Sellmair lays out the historical background to Teege’s family drama in a simple yet enlightening fashion. She is at her best when juxtaposing Teege’s loving memories with some of Ruth Irene’s most outrageous moments.
One of the highlights is Israeli historian Tom Segev’s account of his interview with Teege’s grandmother in the late 1970s. Sellmair treats the reader to Segev’s description of Ruth Irene in a Chinese wrap, chain-smoking and acting out the nihilism of Weimar Germany in a gloomy apartment with heavy furniture and dark velvet curtains coated in dust:
“‘Oh, well, Płaszów,’ she said in a husky, raspy voice. ‘Yes, yes, Płaszów.’ She paused and then suddenly said: ‘They will tell you that . . . I was a whore. Indeed, I did keep company with a large number of officers, but only until I met Goeth…It was a wonderful time…My Amon was king, I was his queen. Who wouldn’t have relished that?’ She added that she was only sorry it was all over. As to Amon Goeth’s victims, Ruth Irene Goeth adds: ‘They weren’t really people like us. They were so filthy.’”
But why, when the book is supposed to be about Teege’s journey, might a reader be more drawn toward Ruth Irene’s story? The answer may have something to do with the structure of the book. While incorporating both Teege’s and Sellmair’s voices is an admirable idea, the constant toggling back and forth in time, place, topic, and perspective burdens the reader with the task of regrounding himself or herself every few pages.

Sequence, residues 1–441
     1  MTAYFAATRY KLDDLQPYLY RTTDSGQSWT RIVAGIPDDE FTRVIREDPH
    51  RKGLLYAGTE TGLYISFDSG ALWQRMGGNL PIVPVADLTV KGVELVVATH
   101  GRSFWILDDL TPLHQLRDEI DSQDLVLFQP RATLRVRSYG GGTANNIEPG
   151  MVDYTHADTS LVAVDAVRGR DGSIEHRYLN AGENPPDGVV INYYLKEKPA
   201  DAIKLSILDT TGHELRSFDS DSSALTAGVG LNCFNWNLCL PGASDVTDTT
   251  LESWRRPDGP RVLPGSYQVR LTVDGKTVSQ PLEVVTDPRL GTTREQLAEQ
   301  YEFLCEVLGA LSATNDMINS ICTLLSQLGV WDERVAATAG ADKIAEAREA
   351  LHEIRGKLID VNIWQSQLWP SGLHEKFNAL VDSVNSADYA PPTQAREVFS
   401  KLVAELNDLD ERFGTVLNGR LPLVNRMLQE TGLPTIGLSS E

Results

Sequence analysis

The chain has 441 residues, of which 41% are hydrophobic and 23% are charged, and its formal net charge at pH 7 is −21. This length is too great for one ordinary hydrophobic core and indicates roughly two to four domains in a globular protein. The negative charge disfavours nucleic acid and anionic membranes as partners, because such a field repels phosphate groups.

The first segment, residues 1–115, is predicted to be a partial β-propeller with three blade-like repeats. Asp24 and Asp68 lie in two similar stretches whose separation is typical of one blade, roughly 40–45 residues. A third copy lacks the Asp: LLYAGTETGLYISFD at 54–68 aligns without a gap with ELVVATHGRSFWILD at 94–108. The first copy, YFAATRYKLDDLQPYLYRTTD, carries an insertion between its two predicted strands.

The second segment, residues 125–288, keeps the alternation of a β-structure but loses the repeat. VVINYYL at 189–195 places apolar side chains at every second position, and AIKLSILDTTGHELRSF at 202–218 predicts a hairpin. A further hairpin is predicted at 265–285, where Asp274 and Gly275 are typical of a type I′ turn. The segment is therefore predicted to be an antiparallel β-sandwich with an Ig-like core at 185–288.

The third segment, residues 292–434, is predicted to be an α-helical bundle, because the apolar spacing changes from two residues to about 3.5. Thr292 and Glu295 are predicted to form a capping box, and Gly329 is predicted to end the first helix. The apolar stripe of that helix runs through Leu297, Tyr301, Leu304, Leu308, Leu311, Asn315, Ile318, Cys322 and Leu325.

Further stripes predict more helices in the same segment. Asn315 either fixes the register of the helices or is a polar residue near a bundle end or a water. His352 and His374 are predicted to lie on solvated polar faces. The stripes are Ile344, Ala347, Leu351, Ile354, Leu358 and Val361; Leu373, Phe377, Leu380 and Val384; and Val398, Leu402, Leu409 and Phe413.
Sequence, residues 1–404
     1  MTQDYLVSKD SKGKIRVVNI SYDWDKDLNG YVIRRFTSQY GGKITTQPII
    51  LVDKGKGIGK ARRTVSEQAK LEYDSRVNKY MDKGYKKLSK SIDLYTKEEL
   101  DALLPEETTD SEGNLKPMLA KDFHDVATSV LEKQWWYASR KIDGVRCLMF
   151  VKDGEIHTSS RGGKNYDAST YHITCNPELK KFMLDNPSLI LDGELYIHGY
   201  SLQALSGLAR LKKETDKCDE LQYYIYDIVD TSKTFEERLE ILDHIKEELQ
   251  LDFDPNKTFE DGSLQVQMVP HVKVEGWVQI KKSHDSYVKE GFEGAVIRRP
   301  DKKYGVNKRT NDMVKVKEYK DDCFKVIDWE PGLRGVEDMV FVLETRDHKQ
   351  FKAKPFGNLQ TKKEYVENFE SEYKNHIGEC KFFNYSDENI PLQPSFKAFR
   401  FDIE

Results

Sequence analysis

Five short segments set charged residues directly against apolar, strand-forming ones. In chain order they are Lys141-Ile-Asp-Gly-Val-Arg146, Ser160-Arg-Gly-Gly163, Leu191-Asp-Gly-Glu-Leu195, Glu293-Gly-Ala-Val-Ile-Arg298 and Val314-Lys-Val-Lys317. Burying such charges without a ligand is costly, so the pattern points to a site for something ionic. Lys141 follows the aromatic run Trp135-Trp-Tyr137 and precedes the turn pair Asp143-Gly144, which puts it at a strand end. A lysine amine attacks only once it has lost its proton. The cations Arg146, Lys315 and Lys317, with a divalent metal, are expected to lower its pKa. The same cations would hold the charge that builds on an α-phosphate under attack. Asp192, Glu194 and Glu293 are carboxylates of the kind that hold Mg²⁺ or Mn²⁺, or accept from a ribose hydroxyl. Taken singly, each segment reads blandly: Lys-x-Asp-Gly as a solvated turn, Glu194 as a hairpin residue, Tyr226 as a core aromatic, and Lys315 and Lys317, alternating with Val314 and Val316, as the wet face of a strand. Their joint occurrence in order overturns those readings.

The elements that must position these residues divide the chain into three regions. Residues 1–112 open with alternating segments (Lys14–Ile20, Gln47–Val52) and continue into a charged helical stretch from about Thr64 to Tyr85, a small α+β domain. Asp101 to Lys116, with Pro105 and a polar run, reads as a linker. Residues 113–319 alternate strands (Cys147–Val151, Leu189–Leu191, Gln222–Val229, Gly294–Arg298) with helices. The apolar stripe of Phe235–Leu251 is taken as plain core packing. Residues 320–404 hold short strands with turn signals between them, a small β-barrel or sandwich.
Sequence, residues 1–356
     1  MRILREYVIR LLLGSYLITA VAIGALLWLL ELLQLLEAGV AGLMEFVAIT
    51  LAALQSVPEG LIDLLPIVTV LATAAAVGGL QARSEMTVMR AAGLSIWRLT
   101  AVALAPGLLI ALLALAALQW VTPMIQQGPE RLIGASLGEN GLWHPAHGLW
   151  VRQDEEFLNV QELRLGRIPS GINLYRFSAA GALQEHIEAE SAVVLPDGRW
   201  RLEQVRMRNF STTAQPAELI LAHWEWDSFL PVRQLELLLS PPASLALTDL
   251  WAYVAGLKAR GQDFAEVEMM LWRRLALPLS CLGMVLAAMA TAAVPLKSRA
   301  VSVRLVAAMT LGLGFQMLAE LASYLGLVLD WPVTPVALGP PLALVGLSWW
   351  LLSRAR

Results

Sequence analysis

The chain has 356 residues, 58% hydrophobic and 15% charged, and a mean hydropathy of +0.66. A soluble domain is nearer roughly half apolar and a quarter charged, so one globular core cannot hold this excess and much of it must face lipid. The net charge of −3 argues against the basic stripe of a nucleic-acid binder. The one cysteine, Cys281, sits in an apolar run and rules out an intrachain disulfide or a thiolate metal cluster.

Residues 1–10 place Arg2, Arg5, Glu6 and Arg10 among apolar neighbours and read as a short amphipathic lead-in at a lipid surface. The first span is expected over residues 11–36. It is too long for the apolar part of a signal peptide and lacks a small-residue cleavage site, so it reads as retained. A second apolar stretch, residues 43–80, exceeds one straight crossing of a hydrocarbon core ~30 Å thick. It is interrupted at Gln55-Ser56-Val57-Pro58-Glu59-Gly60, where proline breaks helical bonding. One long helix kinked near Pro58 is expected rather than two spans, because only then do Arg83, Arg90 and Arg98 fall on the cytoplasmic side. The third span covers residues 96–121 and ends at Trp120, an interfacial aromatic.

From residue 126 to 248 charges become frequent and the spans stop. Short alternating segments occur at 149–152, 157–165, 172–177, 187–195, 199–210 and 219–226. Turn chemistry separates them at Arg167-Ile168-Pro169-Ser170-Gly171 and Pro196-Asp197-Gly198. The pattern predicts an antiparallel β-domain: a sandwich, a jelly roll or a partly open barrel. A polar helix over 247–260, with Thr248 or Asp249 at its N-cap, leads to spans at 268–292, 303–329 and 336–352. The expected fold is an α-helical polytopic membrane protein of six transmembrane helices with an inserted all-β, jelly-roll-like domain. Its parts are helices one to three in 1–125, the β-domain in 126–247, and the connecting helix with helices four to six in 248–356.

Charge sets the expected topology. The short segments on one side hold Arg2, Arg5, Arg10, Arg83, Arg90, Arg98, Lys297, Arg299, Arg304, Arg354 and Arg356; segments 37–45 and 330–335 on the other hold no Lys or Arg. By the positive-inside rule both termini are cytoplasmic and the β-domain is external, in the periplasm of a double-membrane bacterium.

The switching makes it necessary to repeat information to guide the reader back into each scenario, giving the book the feel of a great long-form article having been stretched to book length (indeed, Sellmair authored the very first article about Teege).
The memoir’s subtitle, “A Black Woman Discovers Her Family’s Nazi Past,” sets the reader up to expect a more substantive discussion of race than the sporadic points the work delivers. Oddly, we don’t hear about her meeting her Nigerian father until the second-to-last chapter, which is tacked on after a description of her time in Israel that at times sounds more like a travelogue than a reflection on her family’s complicated history with the Jewish people.
A stronger thematic focus and a steadier progression through Teege’s story may have given this book greater cohesion, thereby allowing the reader to become more immersed in it. The reader is left, instead, to piece events together and be directly told how Teege felt as her exceptional story unfolded.
Tara Campbell is a Washington, DC-based writer of crossover sci-fi. With a BA in English and an MA in German language and literature, she has a demonstrated aversion to money and power. Her stories have appeared in Lorelei Signal, Punchnel's, GlassFire Magazine, the WiFiles, Silverthought Online, Toasted Cake Podcast, Litro Magazine, Luna Station Quarterly, Up Do: Flash Fiction by Women Writers, T. Gene Davis's Speculative Blog, Master's Review, Sci-Fi Romance Quarterly, Latchkey Tales Elementals: Children of Water and Magical: An Anthology of Fantasy, Fairy Tales and Other Fiction for Adults. Find her on Twitter at @TaraCampbellCom.